Can Europe Make It?

Mental confinement

Is it not true that this now-suspended normality was experienced by most of us as burdensome, painful, unbearable, and unjust?

Adam J Chmielewski
13 April 2020
A man prays inside empty St. Joseph's Church, Krakow, Poland, on Easter Sunday.
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Beata Zawrzel/PA. All rights reserved.

It is premature to draw any lessons from the COVID-19 pandemic which has just overwhelmed the world. Yet the unprecedented situation in which the whole world has found itself as a result of the deadly virus raises numerous questions. The most persistent ones of them are: when will the pandemic end; what would be its effects on our economies and our individual lives; and will we return to normal life as we knew it only several weeks ago?

The easy way of dealing with the question about the end of the plague is to recall Karl Popper’s argument about the unpredictability of history. As he argued, we cannot predict the future for logical reasons: the course of human history is largely shaped by the growth of human knowledge. However, we cannot predict the future growth of our knowledge by any rational or scientific methods. For if we were to know now what we would know in the future, this would be tantamount to now knowing what we will know only in the future. If this were to happen, future knowledge would be present knowledge, which is impossible. Therefore, it is not possible to predict the course of human history.

The above exercise in philosophical acrobatics does not bring any consolation. For example, it may be read as undermining our hope in the discovery of the vaccination that would protect us from falling ill. Thus, irritatingly, it only drives even deeper the sense of deep uncertainty in which we now live. Yet, despite the fog of uncertainties, and despite the nagging premonition that we are probably only at the beginning of the plague, it is worth considering what use we can make of the knowledge of the pandemic, and of ourselves, which we already have at our disposal.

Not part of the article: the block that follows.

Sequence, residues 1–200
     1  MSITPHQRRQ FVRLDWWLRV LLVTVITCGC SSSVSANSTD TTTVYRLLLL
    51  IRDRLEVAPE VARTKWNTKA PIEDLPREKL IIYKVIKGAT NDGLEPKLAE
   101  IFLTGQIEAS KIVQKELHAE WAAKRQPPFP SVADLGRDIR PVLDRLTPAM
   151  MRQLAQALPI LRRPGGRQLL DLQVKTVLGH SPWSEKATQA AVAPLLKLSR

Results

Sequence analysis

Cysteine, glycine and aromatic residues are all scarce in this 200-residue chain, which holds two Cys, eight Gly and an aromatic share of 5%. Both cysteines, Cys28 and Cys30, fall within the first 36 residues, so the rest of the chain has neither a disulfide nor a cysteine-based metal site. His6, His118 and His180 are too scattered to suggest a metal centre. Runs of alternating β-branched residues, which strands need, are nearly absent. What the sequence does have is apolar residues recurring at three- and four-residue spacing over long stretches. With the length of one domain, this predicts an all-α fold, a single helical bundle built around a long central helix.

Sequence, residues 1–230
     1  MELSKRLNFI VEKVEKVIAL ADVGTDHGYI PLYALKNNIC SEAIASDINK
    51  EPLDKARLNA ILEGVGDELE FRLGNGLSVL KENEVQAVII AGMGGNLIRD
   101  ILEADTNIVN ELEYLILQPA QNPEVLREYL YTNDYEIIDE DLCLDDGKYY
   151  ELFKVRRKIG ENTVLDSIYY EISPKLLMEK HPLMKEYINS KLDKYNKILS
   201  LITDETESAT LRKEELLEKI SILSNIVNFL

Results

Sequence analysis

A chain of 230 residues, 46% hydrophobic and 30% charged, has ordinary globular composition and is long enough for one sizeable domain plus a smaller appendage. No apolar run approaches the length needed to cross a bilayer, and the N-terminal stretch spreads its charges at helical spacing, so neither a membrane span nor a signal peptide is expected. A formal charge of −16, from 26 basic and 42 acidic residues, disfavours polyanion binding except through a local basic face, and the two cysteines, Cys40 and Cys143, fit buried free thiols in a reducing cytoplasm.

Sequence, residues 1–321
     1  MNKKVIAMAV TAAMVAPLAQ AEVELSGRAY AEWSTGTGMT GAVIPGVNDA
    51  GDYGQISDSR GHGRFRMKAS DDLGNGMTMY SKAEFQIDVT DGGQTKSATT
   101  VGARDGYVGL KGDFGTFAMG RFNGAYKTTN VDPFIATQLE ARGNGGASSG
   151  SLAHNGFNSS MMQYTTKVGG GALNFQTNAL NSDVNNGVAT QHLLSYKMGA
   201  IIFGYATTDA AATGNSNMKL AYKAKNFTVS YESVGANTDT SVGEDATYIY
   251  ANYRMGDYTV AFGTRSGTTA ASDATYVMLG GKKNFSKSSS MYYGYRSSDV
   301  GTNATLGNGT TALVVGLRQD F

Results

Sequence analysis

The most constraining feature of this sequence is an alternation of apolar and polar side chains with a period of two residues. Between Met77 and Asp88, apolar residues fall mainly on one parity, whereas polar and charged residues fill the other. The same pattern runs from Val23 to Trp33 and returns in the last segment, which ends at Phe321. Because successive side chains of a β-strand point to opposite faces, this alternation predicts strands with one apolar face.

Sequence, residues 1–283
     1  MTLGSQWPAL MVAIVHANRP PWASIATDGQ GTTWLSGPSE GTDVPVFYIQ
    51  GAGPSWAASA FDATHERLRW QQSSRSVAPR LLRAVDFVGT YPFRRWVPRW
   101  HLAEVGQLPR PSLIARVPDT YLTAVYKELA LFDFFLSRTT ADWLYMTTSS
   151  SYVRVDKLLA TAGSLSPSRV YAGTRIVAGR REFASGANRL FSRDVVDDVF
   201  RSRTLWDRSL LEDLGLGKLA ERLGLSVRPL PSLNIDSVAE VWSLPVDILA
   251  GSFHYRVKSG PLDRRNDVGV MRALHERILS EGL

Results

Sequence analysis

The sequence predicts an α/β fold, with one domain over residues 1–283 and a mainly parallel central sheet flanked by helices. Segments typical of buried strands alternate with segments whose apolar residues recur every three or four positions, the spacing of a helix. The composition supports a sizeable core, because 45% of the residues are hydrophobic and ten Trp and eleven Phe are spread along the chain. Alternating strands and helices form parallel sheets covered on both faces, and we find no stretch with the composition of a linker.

The human mind

Some lessons can be drawn from the set-up of the human mind. Against the common belief in human reason as capable of objective value judgments formulated sub specie aeternitas, its workings are determined by several factors.

One of them is the space-bias which undercuts the alleged universality of our moral judgements and decisions. Peter Singer argued that the moral concern we owe to a baby drowning in a pond of misery in a slum of Africa is identical to the one which we instinctively extend to a baby drowning in our own swimming pool. We have been consistently and desperately failing to live up to this moral imperative. We failed in the past in relation to the European Jews, and recently in relation to the refugees expelled from their homes by the policies of our own states. Due to the spatial, geographical or proximity preference ingrained in our minds, we value much more the known and the familiar than the distant and the foreign. The pandemic has only made this failure of ours more apparent.

In the present situation we care about the safety of our selves and our loved ones, and we steer away from the others as much as we can, perceiving them as a source of a mortal danger. Understandably preoccupied with safeguarding ourselves and our nearest and dearest, we do not pay equal attention to the effects the virus will have, or already has, on the more distant others, e.g. on the fate of the people in Africa or India.

As Arundhati Roy recently wrote, the rulings of the despotic Modi regime have led to an exodus of 460 million people from the Indian megacities. Huge crowds, made suddenly redundant by the industrial standstill, were forced to walk to distant villages they came from, often in other provinces, only to learn that they cannot cross the provincial borders which, in the meantime, have been closed down by the erratic regime. The people are now crammed in ghettos and slums with little or no means of subsistence or health facilities. But even if we were to break free from our present self-preoccupation, we would be at a loss in finding a way to help them. It seems as if, together with our confinement, the number of the neighbours we were commanded to love has radically shrunk as well.

Until very recently we liked to repeat the slogans about how invaluable for us was our freedom. Now, faced with invisible yet mortal danger, we silently abandon both the slogans and the freedoms.